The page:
Trump Sues Manhattan D.A. Over Demand for 8 Years of His Tax Returns

A lawyer for President Trump said Thursday he had filed a lawsuit in federal court to challenge an attempt by state prosecutors in Manhattan to subpoena eight years of Mr. Trump’s personal and corporate tax returns.

“In response to the subpoenas issued by the New York County District Attorney, we have filed a lawsuit this morning in federal court on behalf of the president in order to address the significant constitutional issues at stake in this case,” Jay Sekulow, a lawyer for the president, said in a statement.

The lawsuit was the latest effort by the president and his legal team to stymie attempts to obtain copies of his tax returns, which Mr. Trump initially said he would make public during the 2016 campaign but has since refused to disclose.

The Manhattan district attorney’s office issued the subpoena late last month, seeking a range of tax documents from Mr. Trump’s accounting firm. The subpoena sought federal and state returns for both the president and his business, the Trump Organization, dating to 2011, according to several people with knowledge of the subpoena.

The office made the demand soon after opening a criminal investigation into the role that the president and his family business played in hush-money payments made in the run-up to the 2016 presidential election.

Both Mr. Trump and the company reimbursed Michael D. Cohen, the president’s former lawyer and fixer, for money Mr. Cohen paid to buy the silence of Stormy Daniels, an adult film actress who said she had an affair with Mr. Trump. The president has denied the affair.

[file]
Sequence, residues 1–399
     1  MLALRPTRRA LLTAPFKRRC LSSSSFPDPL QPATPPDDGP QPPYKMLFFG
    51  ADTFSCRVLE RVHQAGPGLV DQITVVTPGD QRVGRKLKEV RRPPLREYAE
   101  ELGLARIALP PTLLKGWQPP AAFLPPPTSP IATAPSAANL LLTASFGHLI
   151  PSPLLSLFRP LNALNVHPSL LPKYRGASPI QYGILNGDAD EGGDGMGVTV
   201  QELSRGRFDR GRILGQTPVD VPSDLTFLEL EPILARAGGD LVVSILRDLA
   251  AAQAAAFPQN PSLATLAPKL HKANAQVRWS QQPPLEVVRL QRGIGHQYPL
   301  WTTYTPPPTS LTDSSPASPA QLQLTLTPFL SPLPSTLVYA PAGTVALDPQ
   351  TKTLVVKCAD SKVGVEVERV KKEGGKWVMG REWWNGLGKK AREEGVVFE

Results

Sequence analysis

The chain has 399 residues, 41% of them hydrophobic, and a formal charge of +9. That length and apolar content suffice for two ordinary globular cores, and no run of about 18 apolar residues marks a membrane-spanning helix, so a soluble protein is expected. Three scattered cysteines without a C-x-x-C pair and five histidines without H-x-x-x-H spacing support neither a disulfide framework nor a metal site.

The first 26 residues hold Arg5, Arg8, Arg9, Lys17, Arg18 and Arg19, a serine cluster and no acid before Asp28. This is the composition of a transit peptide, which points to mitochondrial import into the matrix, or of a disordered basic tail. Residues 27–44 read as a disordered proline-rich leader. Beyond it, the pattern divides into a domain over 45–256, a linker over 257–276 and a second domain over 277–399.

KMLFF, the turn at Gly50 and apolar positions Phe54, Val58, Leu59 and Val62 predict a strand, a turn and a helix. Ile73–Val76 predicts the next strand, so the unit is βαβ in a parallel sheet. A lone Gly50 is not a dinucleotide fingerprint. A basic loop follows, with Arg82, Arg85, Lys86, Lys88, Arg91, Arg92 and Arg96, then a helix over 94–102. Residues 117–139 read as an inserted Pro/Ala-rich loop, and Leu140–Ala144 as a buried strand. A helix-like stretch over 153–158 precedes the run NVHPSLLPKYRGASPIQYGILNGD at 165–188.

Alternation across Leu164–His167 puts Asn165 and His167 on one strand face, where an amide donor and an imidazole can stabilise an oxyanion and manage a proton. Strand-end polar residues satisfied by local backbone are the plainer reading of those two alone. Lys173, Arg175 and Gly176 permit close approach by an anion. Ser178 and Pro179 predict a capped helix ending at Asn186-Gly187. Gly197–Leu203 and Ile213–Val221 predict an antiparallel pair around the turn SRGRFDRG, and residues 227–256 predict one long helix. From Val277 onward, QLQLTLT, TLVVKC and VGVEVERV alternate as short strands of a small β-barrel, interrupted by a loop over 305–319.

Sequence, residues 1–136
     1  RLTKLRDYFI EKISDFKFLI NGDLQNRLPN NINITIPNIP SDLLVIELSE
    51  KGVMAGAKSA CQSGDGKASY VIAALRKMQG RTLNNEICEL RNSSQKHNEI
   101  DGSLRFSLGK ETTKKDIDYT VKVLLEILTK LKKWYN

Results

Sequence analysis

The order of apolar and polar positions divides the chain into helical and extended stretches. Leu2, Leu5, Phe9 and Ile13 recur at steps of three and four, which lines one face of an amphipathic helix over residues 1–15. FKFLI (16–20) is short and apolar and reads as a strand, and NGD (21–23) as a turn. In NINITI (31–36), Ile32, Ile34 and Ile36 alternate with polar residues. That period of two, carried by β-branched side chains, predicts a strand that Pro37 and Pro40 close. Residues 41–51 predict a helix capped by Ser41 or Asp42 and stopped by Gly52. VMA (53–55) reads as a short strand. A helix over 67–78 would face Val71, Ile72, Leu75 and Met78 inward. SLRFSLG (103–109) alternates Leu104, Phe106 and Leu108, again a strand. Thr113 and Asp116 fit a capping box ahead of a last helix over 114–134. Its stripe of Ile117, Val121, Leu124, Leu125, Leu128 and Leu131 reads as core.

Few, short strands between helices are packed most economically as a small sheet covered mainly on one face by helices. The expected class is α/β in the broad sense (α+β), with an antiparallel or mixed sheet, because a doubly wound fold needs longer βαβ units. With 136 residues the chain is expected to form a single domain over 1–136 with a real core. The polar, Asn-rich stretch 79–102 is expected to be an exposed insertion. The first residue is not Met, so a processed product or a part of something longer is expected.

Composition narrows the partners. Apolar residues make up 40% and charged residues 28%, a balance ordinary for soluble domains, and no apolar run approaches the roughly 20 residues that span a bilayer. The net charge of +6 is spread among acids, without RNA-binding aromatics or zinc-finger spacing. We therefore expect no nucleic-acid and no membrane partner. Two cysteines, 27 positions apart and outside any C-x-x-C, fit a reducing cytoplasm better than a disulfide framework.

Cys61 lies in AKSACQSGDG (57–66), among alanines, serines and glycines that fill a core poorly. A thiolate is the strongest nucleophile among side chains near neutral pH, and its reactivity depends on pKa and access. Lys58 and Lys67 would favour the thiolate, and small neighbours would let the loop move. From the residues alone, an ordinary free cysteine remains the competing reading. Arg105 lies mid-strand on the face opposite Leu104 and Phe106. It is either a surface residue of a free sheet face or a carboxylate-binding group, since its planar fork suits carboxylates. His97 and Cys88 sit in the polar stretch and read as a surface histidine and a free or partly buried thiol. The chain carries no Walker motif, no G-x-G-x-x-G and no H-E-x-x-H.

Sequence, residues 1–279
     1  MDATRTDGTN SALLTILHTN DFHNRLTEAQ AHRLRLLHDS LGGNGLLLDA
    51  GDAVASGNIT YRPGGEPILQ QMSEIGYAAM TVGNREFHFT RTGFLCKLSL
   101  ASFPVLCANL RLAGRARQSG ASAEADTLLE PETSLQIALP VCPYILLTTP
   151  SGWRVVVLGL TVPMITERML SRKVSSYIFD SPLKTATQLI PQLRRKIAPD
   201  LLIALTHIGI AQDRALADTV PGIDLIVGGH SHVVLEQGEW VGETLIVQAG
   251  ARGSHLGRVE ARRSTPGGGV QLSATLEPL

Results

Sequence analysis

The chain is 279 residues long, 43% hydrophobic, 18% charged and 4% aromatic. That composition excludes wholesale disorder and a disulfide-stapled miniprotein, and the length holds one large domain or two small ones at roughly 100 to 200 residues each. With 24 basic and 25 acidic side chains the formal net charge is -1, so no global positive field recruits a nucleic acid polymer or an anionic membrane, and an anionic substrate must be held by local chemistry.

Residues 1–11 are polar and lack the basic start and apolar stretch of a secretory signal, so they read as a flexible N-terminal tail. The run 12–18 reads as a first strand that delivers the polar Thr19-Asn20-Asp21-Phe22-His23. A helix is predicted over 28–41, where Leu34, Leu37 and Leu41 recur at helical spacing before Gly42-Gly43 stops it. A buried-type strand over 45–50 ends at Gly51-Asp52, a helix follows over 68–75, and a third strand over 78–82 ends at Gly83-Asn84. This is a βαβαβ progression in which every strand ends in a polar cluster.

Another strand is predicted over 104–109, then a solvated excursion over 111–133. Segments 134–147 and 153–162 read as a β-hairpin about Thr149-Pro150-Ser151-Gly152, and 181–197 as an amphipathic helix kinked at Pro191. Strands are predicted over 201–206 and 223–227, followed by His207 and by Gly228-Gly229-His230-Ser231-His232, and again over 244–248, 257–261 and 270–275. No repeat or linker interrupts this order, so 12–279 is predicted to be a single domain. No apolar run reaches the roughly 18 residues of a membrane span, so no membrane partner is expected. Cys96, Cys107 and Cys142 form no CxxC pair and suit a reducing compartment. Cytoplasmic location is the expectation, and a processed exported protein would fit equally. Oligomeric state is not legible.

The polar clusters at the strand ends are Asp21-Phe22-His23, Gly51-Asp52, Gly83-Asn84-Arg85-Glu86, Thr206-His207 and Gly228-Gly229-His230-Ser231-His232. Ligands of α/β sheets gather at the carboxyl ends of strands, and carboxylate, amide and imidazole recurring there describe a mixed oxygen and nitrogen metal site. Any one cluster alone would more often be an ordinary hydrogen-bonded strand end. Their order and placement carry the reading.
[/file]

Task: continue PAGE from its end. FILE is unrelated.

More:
Both Mr. Trump’s accounting firm, Mazars USA, and the Manhattan district attorney, Cyrus R. Vance Jr., are named in the lawsuit.

In a statement, Mazars USA said that it would not comment on work it conducted for Mr. Trump, but that it would “respect the legal process and fully comply with its legal obligations.”

A spokesman for Mr. Vance did not immediately respond to a request for comment.

Mr. Vance’s investigation has been focused on $130,000 that Mr. Cohen paid Ms. Daniels just before the election. Mr. Cohen pleaded guilty last year to violating federal campaign finance laws. He received a three-year prison sentence.

The federal prosecutors who charged Mr. Cohen said in a court filing in July that they had “effectively concluded” their investigation into possible crimes committed by the Trump Organization or its executives. Mr. Vance’s office, however, is exploring whether the reimbursements violated any New York state laws.

In particular, the state prosecutors are investigating whether the Trump Organization falsely accounted for the reimbursements as a legal expense. In New York, filing a false business record can be a felony only if prosecutors can prove that the filing was made to commit or conceal another crime, such as tax violations or bank fraud.

The documents sought from Mazars USA could shed light on whether state laws were broken.

Democrats have insisted since Mr. Trump was on the campaign trail that he release his tax returns, something that every modern presidential nominee had done before him.

They have argued that the president may be trying to conceal details of his actual financial worth, the source of his wealth and any possible conflicts of interest involving his business partners.

Congressional Democrats have taken an aggressive approach, subpoenaing six years of Mr. Trump’s tax returns from the Treasury Department, as well as financial records from Deutsche Bank, Capital One and Mazars USA. The president has challenged those subpoenas in federal court.

Mr. Trump also sued to block a New York State law, passed this year, that allowed state officials to provide his state tax returns in response to certain congressional inquiries.

By tying up those requests in court, Mr. Trump’s team has made it less likely that Democrats in Washington will get the chance to review the records before the presidential election next year.

Ben Protess contributed reporting.